August 12, 2022

ONB-AUTO

Nuts about Car

Ireland’s car rental prices force tourists to reconsider visit

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The heightened prices for car rentals in Ireland are forcing tourists to reconsider or cancel their visits to Ireland this year, industry experts have said.

“An analysis shows car rental costs have at least trebled since before the pandemic; in some places they’ve quintupled,” RTÉ Radio’s Drivetime recently reported.

“In Kerry, the average price has increased from around €400 to approximately €1,200 per week to hire a car.”

A spokesperson for Hertz, one of the car rental companies at Dublin Airport, recently told Dublin Live: “The rising costs are mainly due to the Covid-19 pandemic and rising inflation has also seen many car rentals sell-off fleets because of an increase in fuel as well.”

The high car rental prices are having a knock-on effect on Ireland’s tourism industry, which is also attempting to recover from the worst of the pandemic.

“We are hearing stories of some people canceling their holidays,” Paul Kelly, CEO of Fáilte Ireland, the country’s tourism development authority, told RTÉ on Monday.

“We’ve had feedback from places like the bed-and-breakfast sector and others where they’ve had cancellations because the people coming to visit them weren’t able to get cars.

“And of course, we’ve had issues where people say the prices are very high. This is a global phenomenon.”

While Kelly claims it’s a “global phenomenon,” a report carried out by Indecon for Fáilte Ireland found that the cost of renting a car for tourists in Ireland is high compared to the European average, RTÉ News reported.

Hopeful renters have taken to social media in hopes of finding a good price, as well as to air their frustrations about the heightened prices.

Among them is New York-based CNN correspondent Donie O’Sullivan, a native of Co Kerry, who was quoted more than €1,950 for a rental for less than a week:

Car shortage = crazy car rental costs in Ireland this summer. This is for less than a week. pic.twitter.com/PL6DJuWTH5


— Donie O’Sullivan (@donie) May 19, 2022

One person replied to O’Sullivan saying that he was quoted  €3k euro for two days:

I was quoted €3k euro for 2 days in a Ford Focus in Dublin next week via Irish Car rentals A work colleague said guest at a wedding last week all left ireland instead of touring (and spending $$$$) because of car rental costs! Govt need to step in


— Jonathan Turner (@jonathanturner) May 19, 2022

Another replied saying that prices have more than doubled since December and that he’ll be “staying put this summer.”

Just did a quick search on Expedia for pick up at Dublin airport mid August and returning 4 weeks later. Prices are more than double for what I paid last December for the same amount of time. Think I’ll be staying put this Summer! pic.twitter.com/LAAbWvdbkT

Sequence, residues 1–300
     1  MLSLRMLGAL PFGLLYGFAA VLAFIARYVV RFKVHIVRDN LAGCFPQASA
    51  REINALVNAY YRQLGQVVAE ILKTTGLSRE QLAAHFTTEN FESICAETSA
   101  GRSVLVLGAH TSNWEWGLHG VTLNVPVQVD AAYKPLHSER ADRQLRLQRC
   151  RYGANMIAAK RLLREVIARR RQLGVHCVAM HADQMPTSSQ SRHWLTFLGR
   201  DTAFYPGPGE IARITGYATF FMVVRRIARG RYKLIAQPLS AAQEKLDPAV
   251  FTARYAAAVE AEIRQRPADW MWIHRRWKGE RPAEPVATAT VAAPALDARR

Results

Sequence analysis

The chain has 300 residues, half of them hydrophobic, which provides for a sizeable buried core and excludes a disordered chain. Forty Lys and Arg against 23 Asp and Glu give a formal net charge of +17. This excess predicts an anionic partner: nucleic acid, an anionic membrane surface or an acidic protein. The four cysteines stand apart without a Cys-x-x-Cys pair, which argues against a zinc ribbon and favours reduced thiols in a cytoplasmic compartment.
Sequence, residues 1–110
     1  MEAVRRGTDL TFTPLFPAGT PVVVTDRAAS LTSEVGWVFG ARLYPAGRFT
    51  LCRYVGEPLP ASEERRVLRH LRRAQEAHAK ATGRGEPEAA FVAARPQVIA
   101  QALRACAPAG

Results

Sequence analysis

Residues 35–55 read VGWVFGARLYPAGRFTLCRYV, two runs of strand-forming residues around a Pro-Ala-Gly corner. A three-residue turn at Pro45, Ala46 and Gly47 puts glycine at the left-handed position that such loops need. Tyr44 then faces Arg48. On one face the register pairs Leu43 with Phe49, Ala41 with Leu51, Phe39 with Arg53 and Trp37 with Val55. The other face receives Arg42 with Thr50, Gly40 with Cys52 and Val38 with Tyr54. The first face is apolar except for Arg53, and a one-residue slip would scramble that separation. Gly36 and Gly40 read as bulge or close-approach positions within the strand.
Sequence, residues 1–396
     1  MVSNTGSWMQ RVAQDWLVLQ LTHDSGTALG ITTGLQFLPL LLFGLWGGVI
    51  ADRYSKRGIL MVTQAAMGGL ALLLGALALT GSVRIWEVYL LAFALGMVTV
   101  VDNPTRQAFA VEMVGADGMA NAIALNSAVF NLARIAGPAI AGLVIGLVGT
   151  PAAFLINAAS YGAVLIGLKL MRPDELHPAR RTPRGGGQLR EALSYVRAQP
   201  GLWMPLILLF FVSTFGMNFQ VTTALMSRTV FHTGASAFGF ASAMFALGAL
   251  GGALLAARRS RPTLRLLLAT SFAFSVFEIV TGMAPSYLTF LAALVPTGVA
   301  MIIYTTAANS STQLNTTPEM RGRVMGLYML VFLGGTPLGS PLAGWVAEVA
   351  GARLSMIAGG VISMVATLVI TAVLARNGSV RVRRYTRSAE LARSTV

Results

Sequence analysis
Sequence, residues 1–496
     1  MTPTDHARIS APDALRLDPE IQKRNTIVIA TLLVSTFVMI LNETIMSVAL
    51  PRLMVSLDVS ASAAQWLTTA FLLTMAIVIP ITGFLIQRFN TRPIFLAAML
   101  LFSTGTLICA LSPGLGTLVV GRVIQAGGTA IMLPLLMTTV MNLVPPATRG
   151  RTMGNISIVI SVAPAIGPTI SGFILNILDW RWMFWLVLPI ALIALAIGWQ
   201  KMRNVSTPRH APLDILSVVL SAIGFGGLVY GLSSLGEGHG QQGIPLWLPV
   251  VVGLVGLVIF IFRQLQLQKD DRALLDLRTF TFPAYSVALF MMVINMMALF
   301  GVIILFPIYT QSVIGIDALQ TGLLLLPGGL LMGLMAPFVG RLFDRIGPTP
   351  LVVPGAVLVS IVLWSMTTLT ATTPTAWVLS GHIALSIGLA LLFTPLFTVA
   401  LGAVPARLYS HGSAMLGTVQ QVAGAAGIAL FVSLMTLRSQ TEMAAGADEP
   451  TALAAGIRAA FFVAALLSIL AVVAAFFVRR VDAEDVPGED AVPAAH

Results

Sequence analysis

— Paul O’Farrell 🇺🇸🇮🇪 (@OFARRL1960) May 19, 2022

In another instance, one person said on Twitter that his US-based brother was quoted €10,000 for three weeks in July from a rental company at Dublin Airport:

Brother (living in US) was quoted 10,000 euro for a rental car for 3 weeks in July from Dublin Airport.


— Eoin Hayes (@Eoin_Hayes) May 18, 2022

Another person tweeted that they were quoted more than €3,000 for two weeks in July:

July..Two weeks car rental in Dublin €3003.!!! Two weeks in Zurich, Switzerland cost €1596.!!! pic.twitter.com/24zNmvkFBL


— greenshame🏴‍☠️ (@greenshame) May 24, 2022

One person said it would be cheaper to buy a car instead of renting, which some people have reportedly resorted to doing.

What’s happening with car rental prices in Ireland. Over €2000 for economy class for 10 days in June. Be cheaper to buy a car off done deal and leave it at the airport.


— Andrew Mc Donnell Aviation Photography (@EIAMDphotos) May 16, 2022

However, amidst the frustration, one Dublin-based councillor suggested that tourists should “get the bus.”

If tourists want value for money while visiting Ireland, get the bus.

Seriously, car rental prices are so far down on the list of things that Fáilte Ireland should be caring about. https://t.co/YJ9m4Abrfl


— Cllr Oisín O’Connor (@OConnorOisin) May 23, 2022

The warning signs about the car rental debacle came as early as December 2020 when Paul Redmond, chief executive of the Car Rental Council of Ireland, told the Irish Times that the country’s rental supply had diminished.

“It has gone down so low now that the chances of re-fleeting, if the recovery comes quickly, will be a big problem. 

“Companies will not have the financial resources and might not be able to re-fleet without supports,” he said.

More recently, Redmond said in a statement on May 17: “Rental companies were forced to sell off their stock of vehicles during the pandemic.

“Going into 2022, stock levels were about 50% of what they would have been in pre-pandemic years. In rebuilding stock levels, car rental companies face a lack of supply of new cars from manufacturers in the wake of the pandemic.

“Global car production slowed substantially during the pandemic and there is now a huge backlog of orders for new vehicles. The problem is compounded by component supply issues for the production of new cars.

“High demand and supply shortages have resulted in more expensive and fewer new cars available to the Irish market.

“While current forecasts for overseas visitor numbers suggest that overall car rental demands can be met, the factors outlined above are likely to result in some shortage of rental cars in peak demand periods. It will take time for car rental companies to build car stocks back up to pre-pandemic levels.

“In the meantime, tourists should book cars early to secure the best rates. I understand similar problems exist in other European tourism destinations.”

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